Originally published 1 March 1999
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The Origin of Capitalism is a 1999 book on history and political economy by scholar Ellen Meiksins Wood. It was reviewed as an "Outstanding Academic Book" by Michael Perelman.
One of the major points discussed by Wood is a critique of the position of the Commercialization School. The Commercialization School argues that capitalism is an "inevitable product of human nature and technology", that arises when people start engaging in profit-seeking activities. Wood instead "focuses on conditions that allowed the market to compel people to follow its dictates or perish." Wood claims that "capitalists can appropriate workers' surplus labor without coercion" by the following means:
- dispossess the legally free direct producers
- control access to the means of production
- exchange labor for a wage
Wood notes that both producers and appropriators use the market to set rates of compensation both for wages and for appropriation.
The distinctive Marxist approach originates from Karl Marx's critique of political economy in his works Das Kapital and Grundrisse.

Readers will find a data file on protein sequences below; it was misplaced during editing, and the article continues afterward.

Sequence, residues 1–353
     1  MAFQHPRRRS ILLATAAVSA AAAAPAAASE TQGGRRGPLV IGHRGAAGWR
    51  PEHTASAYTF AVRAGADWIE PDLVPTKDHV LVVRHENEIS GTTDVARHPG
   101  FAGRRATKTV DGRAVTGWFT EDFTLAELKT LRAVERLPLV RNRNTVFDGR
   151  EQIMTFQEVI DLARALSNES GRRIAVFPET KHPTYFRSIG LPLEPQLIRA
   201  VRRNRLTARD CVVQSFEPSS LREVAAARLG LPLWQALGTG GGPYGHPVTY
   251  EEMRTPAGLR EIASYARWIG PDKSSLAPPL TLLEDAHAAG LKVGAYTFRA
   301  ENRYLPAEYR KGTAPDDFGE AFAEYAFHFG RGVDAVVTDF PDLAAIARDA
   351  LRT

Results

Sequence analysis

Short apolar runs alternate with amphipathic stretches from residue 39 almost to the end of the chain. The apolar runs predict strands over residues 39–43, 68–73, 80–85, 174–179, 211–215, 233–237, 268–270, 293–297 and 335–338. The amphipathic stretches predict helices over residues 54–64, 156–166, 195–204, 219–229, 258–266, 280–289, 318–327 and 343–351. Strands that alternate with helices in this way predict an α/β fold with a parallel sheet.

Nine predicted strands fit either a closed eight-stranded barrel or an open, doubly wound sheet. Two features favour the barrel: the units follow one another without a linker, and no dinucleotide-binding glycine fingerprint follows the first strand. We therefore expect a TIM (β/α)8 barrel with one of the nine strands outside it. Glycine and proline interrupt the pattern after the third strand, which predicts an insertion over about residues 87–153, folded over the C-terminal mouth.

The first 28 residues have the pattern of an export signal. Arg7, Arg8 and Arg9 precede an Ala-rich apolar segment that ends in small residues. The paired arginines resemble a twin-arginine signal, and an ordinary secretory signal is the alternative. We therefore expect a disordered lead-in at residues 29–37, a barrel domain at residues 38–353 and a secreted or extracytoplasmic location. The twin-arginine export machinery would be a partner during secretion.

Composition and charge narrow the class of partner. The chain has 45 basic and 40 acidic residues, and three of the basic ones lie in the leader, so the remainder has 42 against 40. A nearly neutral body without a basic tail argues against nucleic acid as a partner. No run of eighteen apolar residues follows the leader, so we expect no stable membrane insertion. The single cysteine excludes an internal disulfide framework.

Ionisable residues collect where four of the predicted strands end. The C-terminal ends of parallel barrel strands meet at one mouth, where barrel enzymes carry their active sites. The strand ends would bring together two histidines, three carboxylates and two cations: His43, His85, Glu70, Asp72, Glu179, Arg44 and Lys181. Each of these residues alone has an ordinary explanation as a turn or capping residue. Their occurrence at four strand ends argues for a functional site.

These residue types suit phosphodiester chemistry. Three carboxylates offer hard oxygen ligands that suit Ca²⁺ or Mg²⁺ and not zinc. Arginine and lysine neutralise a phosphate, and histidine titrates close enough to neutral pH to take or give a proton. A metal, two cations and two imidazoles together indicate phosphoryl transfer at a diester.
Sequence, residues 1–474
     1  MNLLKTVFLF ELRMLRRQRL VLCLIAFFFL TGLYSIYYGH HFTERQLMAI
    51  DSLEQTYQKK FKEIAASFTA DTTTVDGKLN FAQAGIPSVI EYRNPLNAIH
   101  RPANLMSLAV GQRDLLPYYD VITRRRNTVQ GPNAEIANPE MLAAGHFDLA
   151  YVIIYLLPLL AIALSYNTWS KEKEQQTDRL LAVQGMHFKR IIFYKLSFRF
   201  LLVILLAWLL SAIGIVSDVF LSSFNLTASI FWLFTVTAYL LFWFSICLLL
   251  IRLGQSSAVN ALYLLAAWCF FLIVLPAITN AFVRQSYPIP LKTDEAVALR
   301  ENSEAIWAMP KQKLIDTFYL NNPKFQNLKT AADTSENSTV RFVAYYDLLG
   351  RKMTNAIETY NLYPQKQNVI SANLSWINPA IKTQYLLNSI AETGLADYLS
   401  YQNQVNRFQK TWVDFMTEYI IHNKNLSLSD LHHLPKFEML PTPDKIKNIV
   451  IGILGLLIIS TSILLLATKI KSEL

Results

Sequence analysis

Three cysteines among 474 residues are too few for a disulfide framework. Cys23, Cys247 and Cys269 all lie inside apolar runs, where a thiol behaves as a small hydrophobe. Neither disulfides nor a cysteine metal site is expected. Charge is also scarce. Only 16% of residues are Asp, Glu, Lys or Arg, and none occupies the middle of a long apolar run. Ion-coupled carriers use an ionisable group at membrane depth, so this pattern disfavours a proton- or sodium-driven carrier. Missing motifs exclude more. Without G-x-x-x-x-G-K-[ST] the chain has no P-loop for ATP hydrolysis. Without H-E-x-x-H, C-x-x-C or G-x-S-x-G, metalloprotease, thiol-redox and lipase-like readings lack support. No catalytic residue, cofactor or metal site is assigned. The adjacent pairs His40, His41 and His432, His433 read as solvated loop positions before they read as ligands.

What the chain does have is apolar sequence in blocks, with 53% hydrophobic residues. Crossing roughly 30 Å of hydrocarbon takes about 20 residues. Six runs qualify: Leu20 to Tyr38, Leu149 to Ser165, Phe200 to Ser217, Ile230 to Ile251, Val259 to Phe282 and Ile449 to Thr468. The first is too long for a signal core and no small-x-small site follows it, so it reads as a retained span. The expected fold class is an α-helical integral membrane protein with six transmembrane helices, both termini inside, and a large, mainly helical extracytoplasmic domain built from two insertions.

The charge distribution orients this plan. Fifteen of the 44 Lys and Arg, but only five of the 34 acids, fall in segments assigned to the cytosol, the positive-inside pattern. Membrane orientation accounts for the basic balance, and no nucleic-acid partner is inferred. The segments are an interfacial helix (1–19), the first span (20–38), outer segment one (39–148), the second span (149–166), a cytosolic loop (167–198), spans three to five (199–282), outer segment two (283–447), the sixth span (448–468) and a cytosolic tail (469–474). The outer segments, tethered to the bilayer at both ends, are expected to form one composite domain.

In the capitalist form of society, human labor power is for sale in the market as one of many commodities. Goods and services, including those regarding the most basic necessities of life, are produced for profitable exchange. All the actors in a such system are driven by competition and profit-maximization.
In her obituary, it was noted that Wood identified the Enclosure movement in Britain (1450-1800), which displaced people from the land, as having forced people on the labor market. Wood notes that these displaced people were forced to labor for a wage in order to survive. Thus a new form of bondage arose.
The book was originally published in 1999 by Monthly Review Press, and then a revised edition was published in 2002 by Verso, with the subtitle "A Longer View". A reprint appeared in 2013.